These 15 educators are among the 12,000 college professors, instructors, counsellors and librarians at 24 Ontario colleges who walked off the job as of 12:01 a.m. on Monday. “We felt really disappointed. There is no reason that (the College Employer Council) shouldn’t be working to engage with these discussions with us,” JP Hornick, the chair of the Ontario Public Service Employees Union bargaining team, said in a statement.
Maybe those slow-motion scenes at the end of baseball movies arenâ€™t so hokey after all. There may not be orchestral music swelling in the background, but Toronto Blue Jays outfielder Michael Saunders (Victoria, B.C.) says when heâ€™s locked in at the plate, the game really does slow down. â€œI know a lot of people wonâ€™t understand what Iâ€™m talking about, but itâ€™s exactly how it sounds: when youâ€™re feeling confident in the box, the game literally slows down,â€? Saunders said.
There are plans to install signs on Highway 3 directing passing motorists to the historical marker in Raglan Park so that word of Canfield’s proud role in helping slaves and promoting an inclusive society will continue to spread. “The history – although perhaps not well known – is incredibly meaningful and demonstrates the values of the residents of that time,” Councillor Tony Dalimonte said.
Muck Rack makes it simple to find people, tweets, or articles that mention any name, keyword, company, hashtag etc. We've compiled this guide to help you make the most of your search.
Selecting a term
Start searching tweets, articles from media outlets, articles mentioned in tweets, journalists'
names, titles and bios with some suggested searches:
Companies or Topics (e.g. iPhone, Microsoft)
Phrases (e.g. "cloud computing") — use quotes to keep the terms together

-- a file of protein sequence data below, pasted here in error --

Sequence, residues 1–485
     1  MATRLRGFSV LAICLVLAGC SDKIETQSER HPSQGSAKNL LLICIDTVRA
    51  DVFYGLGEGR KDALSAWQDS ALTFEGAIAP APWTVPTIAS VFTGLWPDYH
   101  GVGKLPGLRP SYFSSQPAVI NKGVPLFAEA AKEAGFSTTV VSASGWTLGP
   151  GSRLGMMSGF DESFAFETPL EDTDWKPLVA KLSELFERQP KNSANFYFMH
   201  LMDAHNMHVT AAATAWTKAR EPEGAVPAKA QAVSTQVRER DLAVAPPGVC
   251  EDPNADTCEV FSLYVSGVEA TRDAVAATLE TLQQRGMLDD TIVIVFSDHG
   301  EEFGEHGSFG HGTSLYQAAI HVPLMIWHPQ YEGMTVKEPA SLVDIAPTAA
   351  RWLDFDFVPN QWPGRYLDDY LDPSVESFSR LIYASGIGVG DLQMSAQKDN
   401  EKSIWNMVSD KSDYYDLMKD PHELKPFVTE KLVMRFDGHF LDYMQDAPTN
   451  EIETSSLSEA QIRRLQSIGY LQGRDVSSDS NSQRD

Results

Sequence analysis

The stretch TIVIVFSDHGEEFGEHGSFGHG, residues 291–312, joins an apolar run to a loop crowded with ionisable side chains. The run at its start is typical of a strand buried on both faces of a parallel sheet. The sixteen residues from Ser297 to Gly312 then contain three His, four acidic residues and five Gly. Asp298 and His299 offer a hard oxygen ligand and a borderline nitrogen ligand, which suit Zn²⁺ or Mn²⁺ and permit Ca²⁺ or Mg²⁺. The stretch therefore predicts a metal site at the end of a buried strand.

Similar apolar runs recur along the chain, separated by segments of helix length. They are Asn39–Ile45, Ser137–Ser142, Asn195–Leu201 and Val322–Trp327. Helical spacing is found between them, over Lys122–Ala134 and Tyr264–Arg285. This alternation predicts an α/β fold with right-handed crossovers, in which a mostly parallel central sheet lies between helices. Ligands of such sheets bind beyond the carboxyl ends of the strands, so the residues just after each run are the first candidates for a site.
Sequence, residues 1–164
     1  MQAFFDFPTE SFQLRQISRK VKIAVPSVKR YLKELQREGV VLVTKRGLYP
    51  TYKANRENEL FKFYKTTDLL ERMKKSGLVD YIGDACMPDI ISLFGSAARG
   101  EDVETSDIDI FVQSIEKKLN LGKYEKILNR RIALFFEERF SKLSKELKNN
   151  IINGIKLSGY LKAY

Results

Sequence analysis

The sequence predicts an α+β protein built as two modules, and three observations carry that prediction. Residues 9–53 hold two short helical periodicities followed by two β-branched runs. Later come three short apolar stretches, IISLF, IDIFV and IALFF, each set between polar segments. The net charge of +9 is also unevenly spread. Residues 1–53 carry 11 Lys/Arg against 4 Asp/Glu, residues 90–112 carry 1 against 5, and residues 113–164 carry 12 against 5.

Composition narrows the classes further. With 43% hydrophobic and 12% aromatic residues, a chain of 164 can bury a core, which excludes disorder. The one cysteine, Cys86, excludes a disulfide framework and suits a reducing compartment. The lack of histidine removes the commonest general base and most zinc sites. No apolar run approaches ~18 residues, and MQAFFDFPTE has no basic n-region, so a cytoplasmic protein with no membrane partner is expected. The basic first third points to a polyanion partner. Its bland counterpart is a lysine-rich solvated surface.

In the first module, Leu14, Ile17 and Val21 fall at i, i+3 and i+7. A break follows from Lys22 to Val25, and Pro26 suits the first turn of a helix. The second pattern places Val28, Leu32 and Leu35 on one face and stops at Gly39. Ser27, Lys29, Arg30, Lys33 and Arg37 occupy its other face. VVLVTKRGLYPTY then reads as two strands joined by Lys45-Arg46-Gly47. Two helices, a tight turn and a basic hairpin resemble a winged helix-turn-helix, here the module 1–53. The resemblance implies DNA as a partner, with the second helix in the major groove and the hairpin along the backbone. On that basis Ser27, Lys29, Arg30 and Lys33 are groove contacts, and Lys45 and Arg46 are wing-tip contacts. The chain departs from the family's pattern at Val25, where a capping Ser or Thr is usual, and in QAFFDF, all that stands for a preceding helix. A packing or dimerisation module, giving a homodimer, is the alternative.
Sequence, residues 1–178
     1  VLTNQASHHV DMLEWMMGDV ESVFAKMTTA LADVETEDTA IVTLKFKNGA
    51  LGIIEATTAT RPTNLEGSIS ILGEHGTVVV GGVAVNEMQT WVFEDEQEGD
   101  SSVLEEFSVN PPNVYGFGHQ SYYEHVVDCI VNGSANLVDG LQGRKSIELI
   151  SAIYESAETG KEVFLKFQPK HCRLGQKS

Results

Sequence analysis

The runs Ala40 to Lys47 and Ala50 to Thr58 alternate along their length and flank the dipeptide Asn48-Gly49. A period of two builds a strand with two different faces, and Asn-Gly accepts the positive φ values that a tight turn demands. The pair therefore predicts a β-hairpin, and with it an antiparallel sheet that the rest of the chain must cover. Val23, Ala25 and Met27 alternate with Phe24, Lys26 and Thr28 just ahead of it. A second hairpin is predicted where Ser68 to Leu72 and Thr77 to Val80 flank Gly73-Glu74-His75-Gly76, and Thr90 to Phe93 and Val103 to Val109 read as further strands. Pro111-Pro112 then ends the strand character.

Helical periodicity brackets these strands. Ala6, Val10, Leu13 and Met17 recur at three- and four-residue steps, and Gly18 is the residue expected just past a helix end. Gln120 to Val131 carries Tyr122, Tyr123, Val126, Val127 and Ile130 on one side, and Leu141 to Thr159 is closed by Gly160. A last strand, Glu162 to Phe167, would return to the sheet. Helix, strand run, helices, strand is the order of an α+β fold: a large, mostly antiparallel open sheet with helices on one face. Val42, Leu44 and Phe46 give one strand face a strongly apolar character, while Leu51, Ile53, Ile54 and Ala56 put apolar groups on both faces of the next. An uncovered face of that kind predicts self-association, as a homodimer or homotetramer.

Twitter handles (e.g. @username) — returns those who have mentioned or replied to
Names (e.g. "David Pogue")
Hashtags (e.g. #sxsw, #london2012)
Bio details (e.g. vegan, Olympics, father)
Muck Rack's Advanced Search allows for many boolean operators.
Find results that mention multiple specified terms, use AND or
+. For example, ensure each result contains both Elon Musk and Mark Zuckerberg by
searching Musk AND Zuckerberg or Musk + Zuckerberg.
Use the operators OR or , to broaden your search when you'd like either of
multiple terms to appear in results. (This is the default behavior of our search when no operators
are used). For example, results will contain either cake or cookie by searching cake OR cookie or cake,cookie
Use NOT or - to subtract results from your search. For
example, searching Disney will yield results about the Walt Disney Company as well as Walt Disney
World Resort. To exclude mentions of Disney World, search for Disney -World or Disney
When using one of these operators with a phrase, enclose it in quotation marks. For example, you can
find results about smartphones excluding Apple's iPhone 4S by searching smartphone -"iPhone
Exact case matching or punctuation
If you're searching for a brand name or keyword that relies on specific punctuation marks or capitalization, you can
find results that match your exact query by adding matchcase: before the keyword you're searching for, like matchcase:E*TRADE .
Use parentheses to separate multiple
boolean phrases. For example, to find journalists talking about having fun in Disney World or
Disneyland, search for ("disney world" OR disneyland) AND fun.
An asterisk can be used to search for any variation of a root word truncated by the asterisk. For example, searching for admin* will return results for administrator, administration, administer, administered, etc.
A near operator is an AND operator where you can control the distance between the words. You can vary the distance the near operation uses by adding a forward slash and number (between 0-99) such as strawberries NEAR/10 "whipped cream", which means the strawberries must exist within 10 words of "whipped cream".